Not a given

I was just reading this article on HuffPost, about women in their 30s and their take on being single/unmarried. One of the women made a comment that really spoke to me–she learned that being married “wasn’t a given,” although she grew up and lived most of her life assuming that it was.

I think this is something a lot of people assume by default. We see so many people married when we’re young, and so many people ask us about dating and it’s just such an ingrained part of society–why wouldn’t it happen to us? Everyone does it; it’ll happen for you eventually.

I think this kind of thinking is really unproductive, and it’s something that a lot of young people think today, too. Most millennials I know have the attitude of “it’s not that I don’t want marriage; I just want to focus on my career first and then find a partner.” Which is fine, but that’s like saying, “I just want to focus on being a student first and then find a job.” Young people go after their careers so vigorously and with such determination because they know the odds are not in their favor, and they know that a job they love isn’t a given. They know that it’s something they need to work toward and something they need to seek out for themselves; it’s not something that just “happens to everyone.” So while they’re young, they start thinking about what kind of career they want. When they’re teenagers, they start exploring their interests. When they’re in college, they look for internships and jobs. Their entire life is made up of small steps taken to work their way up to that dream career. It’s not something they think about after focusing on something else; it sits there at the back of their mind, no matter what stage of life they’re in. It influences their decisions. It’s a big deal.

Well, finding a partner (whether a spouse or just a long-term partner) isn’t something that just “happens to everyone.” I don’t know if it’s just that people these days don’t really care about finding a partner or if they still have the mentality that “it’ll happen at the right time.” But if finding a partner is important, I don’t think it’s wrong to actively pursue that. I think it’s really the only logical option if that’s a goal of yours. If it’s what you want, you can’t actively wait till it falls in your lap; you have to go after it and work towards it, the same as you would any other goal. If it’s something you’d ultimately want, why wouldn’t you live your life trying to grow into the type of person you think is worthy of a great partner? Why wouldn’t you make decisions that go towards becoming the person you want to be in order to be a great partner to someone else? Why wouldn’t you work on figuring out what you want and meeting people you think you could get along with? I get that a great career is a part of preparing yourself to be a great partner, by being someone who can contribute to society in a valuable way and be financially ready to support a partner and family–but pursuing only a career thinking that a partner will naturally follow is doing only half the work.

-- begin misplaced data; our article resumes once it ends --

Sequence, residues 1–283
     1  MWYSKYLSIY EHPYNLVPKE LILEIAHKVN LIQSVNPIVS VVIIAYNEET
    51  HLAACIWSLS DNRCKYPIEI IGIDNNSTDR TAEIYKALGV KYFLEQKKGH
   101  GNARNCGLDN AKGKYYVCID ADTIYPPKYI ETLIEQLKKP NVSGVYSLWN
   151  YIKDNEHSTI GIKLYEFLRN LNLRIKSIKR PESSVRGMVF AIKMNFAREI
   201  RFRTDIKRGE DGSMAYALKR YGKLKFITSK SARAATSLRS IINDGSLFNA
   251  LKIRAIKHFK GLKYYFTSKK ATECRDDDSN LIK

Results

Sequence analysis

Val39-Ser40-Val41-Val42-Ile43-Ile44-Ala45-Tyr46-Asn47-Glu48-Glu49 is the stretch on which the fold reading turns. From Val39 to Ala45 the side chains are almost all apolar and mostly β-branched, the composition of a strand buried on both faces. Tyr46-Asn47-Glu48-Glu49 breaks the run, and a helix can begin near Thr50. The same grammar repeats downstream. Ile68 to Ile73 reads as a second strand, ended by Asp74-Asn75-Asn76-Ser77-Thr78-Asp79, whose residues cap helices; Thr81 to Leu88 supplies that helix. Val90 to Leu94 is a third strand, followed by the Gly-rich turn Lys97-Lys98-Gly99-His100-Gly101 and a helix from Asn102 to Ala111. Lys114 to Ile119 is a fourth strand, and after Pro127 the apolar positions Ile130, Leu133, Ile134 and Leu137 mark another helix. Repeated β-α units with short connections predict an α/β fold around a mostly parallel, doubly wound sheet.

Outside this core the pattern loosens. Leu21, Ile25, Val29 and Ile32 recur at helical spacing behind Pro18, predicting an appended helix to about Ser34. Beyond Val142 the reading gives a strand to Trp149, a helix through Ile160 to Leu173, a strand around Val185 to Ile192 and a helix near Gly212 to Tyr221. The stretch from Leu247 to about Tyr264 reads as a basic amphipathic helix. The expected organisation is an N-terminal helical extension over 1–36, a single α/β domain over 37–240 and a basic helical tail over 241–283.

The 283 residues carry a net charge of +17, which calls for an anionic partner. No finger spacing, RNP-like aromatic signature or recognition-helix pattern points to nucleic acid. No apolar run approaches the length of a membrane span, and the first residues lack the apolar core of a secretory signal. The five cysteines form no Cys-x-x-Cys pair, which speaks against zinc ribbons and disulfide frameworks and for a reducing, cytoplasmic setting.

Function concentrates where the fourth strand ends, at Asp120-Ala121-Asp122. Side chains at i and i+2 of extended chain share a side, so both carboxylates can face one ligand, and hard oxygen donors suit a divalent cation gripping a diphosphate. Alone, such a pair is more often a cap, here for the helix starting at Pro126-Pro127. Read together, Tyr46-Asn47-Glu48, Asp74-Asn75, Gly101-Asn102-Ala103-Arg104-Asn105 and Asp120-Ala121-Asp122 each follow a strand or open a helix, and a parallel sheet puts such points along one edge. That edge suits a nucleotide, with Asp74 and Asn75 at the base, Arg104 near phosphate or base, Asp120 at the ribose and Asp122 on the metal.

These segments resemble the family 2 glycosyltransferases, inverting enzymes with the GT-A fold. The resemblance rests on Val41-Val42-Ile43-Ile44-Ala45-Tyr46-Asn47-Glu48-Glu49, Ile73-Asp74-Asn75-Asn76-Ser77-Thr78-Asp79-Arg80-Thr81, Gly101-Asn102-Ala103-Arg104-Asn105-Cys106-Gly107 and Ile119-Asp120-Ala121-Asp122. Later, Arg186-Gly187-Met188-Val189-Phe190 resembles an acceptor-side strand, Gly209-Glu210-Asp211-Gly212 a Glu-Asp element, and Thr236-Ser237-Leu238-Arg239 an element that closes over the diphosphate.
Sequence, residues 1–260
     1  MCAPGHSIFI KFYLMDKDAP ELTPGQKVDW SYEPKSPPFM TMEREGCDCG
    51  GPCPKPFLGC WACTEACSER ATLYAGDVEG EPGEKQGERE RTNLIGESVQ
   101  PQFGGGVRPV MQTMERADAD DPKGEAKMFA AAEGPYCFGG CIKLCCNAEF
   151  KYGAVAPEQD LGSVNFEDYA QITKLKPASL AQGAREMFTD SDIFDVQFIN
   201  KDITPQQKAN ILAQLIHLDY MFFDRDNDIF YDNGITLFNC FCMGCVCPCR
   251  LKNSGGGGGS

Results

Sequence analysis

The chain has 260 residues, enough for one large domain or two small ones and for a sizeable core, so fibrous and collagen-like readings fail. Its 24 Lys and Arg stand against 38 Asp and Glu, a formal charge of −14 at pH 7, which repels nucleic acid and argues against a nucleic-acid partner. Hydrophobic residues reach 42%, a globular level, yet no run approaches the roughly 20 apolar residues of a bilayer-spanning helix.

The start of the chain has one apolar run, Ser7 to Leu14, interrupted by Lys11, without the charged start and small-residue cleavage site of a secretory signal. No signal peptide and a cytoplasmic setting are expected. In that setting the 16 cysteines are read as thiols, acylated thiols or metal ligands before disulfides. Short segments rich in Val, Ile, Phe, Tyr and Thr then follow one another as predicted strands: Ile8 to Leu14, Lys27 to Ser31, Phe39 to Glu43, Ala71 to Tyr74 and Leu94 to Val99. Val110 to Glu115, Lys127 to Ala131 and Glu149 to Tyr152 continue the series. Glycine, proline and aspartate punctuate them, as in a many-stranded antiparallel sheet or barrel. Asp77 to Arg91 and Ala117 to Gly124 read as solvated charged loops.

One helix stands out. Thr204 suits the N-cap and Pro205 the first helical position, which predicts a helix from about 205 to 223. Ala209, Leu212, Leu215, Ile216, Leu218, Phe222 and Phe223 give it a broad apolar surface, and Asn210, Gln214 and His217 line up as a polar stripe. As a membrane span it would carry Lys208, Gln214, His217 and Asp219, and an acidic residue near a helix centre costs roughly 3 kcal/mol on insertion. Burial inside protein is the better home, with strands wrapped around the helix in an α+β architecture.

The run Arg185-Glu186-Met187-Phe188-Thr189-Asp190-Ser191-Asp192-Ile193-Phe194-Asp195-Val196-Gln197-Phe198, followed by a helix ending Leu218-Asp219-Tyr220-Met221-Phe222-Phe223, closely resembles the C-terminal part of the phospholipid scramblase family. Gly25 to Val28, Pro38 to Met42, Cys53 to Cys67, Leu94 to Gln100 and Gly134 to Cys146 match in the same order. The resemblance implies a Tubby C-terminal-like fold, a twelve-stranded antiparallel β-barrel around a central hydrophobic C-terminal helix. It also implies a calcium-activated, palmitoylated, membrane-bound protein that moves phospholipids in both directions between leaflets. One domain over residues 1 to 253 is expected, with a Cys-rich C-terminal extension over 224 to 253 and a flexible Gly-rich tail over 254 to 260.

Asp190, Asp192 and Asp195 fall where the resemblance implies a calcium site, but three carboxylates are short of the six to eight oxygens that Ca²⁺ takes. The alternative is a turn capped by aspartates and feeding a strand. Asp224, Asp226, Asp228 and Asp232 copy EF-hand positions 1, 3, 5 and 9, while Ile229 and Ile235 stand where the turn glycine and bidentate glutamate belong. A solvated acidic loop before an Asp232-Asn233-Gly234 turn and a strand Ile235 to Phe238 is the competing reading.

Furthermore, if you meet a great person, but you happen to be young, why would you throw that away just because you think “the timing is off” or “you’re too young”? You can’t control when the right person comes into your life, but you can control how you react to that. If you were young and someone offered you the right career, would you not take it? Would you not realize that opportunities like that don’t come often, if ever, so you’d jump at the chance at something that really isn’t guaranteed to anyone? It’s the same with finding a partner. People treat this aspect of their life as something that they can just go back to if all else doesn’t work out, rather than as something that is rare and not guaranteed. People are too eager to risk not having a partner if all other aspects of their life are not perfect yet, rather than take the plunge and risk having to work a little harder to make all those other aspects of their life work. I see people cross oceans in their early 20s in order to take a job; I only see people accommodate a partner because they fit into their lives and won’t have to make that many adjustments. I wish more people would accommodate partners the same way they do their dream jobs. If it’s that important, it wouldn’t be such a challenge to do so. People these days are too focused on themselves; there isn’t enough focus on others–and I think the root of it is just fear of getting hurt and fear of change. It’s great to live your life for yourself, but if that were the key to happiness then more people would actually be happy. I think people have convinced themselves that they’re happy being single and not having to share the bed and being able to jump on a plane and go anywhere they want….but if they truly were happy, they wouldn’t need to write articles proving why their lives are so much better than those of married people, or people who are in long-term partnerships. I don’t know. Maybe that’s just me. But I think it takes guts to admit that yes, you do want to find a partner because you do think it would make you happy. People these days are pretty slow to admit that, but I think it’s something a lot of people still think. I think most people just learn to be content with being single, but if given the choice, I’m sure they’d choose differently. Maybe I’m wrong though; what do I know?

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